As of now, seven countries are planning to ban all vehicles running on gas or diesel in the coming decades, and the U.S. is not one of them.
The International Energy Agency (IEA), in a recent report said that, in 2016, 753,000 electric vehicles (EVs) were sold globally (up from 547,220 in 2015), with BEVs (battery-electric vehicles) accounting for 60% of those sales.
Electric cars still have a long way to go. Currently, there are more than 2 million EVs in circulation in the world, but that only makes up about 0.2% of the total light-duty passenger vehicles in the world.Seven countries have plans to phase out fossil-fuel-powered vehicles.Click To Tweet
This is just the beginning of a new era dedicated to vehicles running exclusively on clean energies. A number them are really fast, too.
Internal Combustion Engines, an Endangered Species
An increasing number of countries around the world have announced their intention to ban the commercialization of gasoline and diesel vehicles, demonstrating the desire to accelerate the energy transition of the global car fleet.
However, this doesn’t mean the end of internal combustion engine vehicles. Carmakers will continue the manufacture of such vehicles for other markets around the world.
20 to 30 years from now, there still will be fossil-fueled vehicles. The ones that aren’t collector’s items will likely have adapted to emissions requirements and will give off very little carbon.
Still, in terms of the overall environmental balance (or as in the field’s jargon, well-to-wheel efficiency) EVs have a much better balance than today’s Internal Combustion Engines. Albeit not neutral, EVs can still emit CO2 depending on how power is produced and used and how the batteries are recycled.
Here are the 7 Countries Planning to ban Gasoline-based car Sales:
1. Norway: by 2025
Norway could be the first country in the world to end the sale of cars using fossil fuels.
The Norwegian Transportation Plan sets the ambitious goal that, by 2025, all new vehicles sold in the country will have to run on clean energy.
2. Netherlands: by 2025
Already adept at building clean engines whether they are electric, hybrid, or rechargeable, the country of windmills and tulips is considering an outright banning of the sale of fossil fuel-powered vehicles on its soil.
The Dutch parliament, after a proposition by the Labour Party, is working to ban gas and diesel-powered cars by 2025.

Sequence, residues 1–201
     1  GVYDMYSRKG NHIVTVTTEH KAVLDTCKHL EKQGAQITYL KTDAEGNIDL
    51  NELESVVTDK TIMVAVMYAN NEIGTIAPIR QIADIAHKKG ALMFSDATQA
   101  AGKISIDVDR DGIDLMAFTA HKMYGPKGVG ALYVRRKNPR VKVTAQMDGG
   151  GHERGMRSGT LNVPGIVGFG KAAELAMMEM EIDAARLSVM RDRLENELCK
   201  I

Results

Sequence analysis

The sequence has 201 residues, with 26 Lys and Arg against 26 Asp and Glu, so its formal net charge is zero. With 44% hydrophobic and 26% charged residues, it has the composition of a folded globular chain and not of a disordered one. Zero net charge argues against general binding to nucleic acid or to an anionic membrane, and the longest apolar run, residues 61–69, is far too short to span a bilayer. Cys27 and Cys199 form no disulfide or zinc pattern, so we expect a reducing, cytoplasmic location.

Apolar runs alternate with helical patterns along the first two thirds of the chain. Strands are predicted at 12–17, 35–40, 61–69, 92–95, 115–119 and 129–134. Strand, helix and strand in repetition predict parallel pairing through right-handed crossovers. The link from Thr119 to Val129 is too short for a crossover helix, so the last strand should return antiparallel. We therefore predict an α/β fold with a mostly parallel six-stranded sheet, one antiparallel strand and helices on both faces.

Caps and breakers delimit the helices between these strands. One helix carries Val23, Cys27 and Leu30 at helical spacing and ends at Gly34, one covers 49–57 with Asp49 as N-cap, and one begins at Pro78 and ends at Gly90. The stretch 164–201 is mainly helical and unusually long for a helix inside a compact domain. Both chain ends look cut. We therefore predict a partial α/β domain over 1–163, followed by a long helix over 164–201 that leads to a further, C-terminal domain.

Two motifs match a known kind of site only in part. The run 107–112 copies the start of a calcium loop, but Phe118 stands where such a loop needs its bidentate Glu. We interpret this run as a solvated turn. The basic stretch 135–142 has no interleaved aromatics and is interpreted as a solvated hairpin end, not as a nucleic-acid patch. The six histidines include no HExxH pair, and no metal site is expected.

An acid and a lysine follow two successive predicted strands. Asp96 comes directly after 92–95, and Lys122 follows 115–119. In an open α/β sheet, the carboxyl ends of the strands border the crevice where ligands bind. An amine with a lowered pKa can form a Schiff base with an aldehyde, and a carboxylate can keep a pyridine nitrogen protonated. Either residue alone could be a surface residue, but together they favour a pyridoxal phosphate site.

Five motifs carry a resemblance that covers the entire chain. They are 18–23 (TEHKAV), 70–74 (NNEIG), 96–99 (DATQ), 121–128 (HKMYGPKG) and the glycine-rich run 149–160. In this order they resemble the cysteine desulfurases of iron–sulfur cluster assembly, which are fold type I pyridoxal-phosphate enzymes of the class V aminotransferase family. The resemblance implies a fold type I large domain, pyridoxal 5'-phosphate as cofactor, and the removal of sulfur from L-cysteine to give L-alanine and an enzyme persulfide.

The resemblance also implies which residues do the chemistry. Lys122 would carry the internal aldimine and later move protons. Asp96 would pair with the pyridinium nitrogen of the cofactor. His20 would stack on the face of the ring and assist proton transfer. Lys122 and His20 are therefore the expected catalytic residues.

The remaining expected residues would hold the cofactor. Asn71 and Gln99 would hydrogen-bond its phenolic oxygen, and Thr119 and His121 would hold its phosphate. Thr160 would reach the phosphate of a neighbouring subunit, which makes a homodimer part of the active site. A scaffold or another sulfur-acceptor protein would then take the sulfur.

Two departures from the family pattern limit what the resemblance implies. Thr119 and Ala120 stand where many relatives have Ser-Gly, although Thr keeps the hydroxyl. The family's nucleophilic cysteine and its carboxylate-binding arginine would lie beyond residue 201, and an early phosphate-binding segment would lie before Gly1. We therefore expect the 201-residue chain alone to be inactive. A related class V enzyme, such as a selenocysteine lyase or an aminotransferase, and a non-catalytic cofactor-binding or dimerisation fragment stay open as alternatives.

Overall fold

3. Germany: by 2030
Committed to reducing CO2 emissions by 95% by 2050, Germany intends to take measures to enable the country to comply with the objectives of COP21.
Setting such a high bar, Germany plans to drastically intervene in the auto industry by banning the commercialization of gasoline and diesel vehicles altogether by 2030.
This is impressive, but let’s also consider the fact that about a third of Germany’s electricity comes from coal.
4. India: by 2030
At the Confederation of Indian Industry (CII), Piyush Goyal, India’s Minister of Energy, presented a plan aimed at developing the electric mobility industry.
The Indian government plans to end the commercialization of gasoline or diesel cars by 2030.
They’re also working on reducing the emissions of diesel train lines.
5. France: by 2040
Last July, the French Minister of Ecological and Inclusive Transition presented the government’s “Climate Plan” that aims to turn into action the talk of Emmanuel Macron, who defended the Paris agreement after U.S. President Donald Trump’s decision to withdraw the world leader in energy consumption.
By 2040, sales of gas and diesel vehicles will end and carmakers will only be allowed to produce sell electric (or hybrid) cars.
6. Britain: by 2040
It is the turn of the British government to unveil its plan to fight against the accelerated warming of the planet.
On July 26th, U.K. environment secretary Michael Gove announced plans to end commercialization of new gasoline and diesel cars by 2040.
7. China: TBA
The largest EV market, accounting for about half of global EV sales in 2016, China is accelerating the push toward all-electric car market.
The country has yet to set a deadline to end sales of fossil-fuel-powered vehicles, but the government said it’s developing a timetable with other regulators.
And the U.S. in all This? Climate Change and a Binary Logic
Despite a continuing argument as the degree of human affect on climate change, the planet is warming considerably.
Snow and ice, freezing weather, in Texas, Arizona and Oklahoma – what the hell is going on with GLOBAL WARMING?
— Donald J. Trump (@realDonaldTrump) November 23, 2013
Before becoming the U.S. President, Donald Trump was several times bold enough to call human affected climate change a hoax. That attitude has seemingly contributed to a number of high profile appointments of administrators that agree climate change isn’t a pressing issue.
Pulling out of the Paris climate agreement, or encouraging the exploitation of shale gas, means that all human activities must continue undisturbed. Officials with this attitude believe that the Earth will heal itself.
What’s more, the unrestrained exploitation of natural resources, industries, and commerce must develop even more for the benefit of the economy, employment, and high standards of living. This is the current attitude of the U.S., and because of that phasing out fossil-fuel based transportation is unlikely to be a priority in the next few years.
Yet, some experts think this attitude won’t stop the move toward electric vehicles. Stanford University economist Tony Seba believes all vehicles worldwide will be powered by electricity by 2025.
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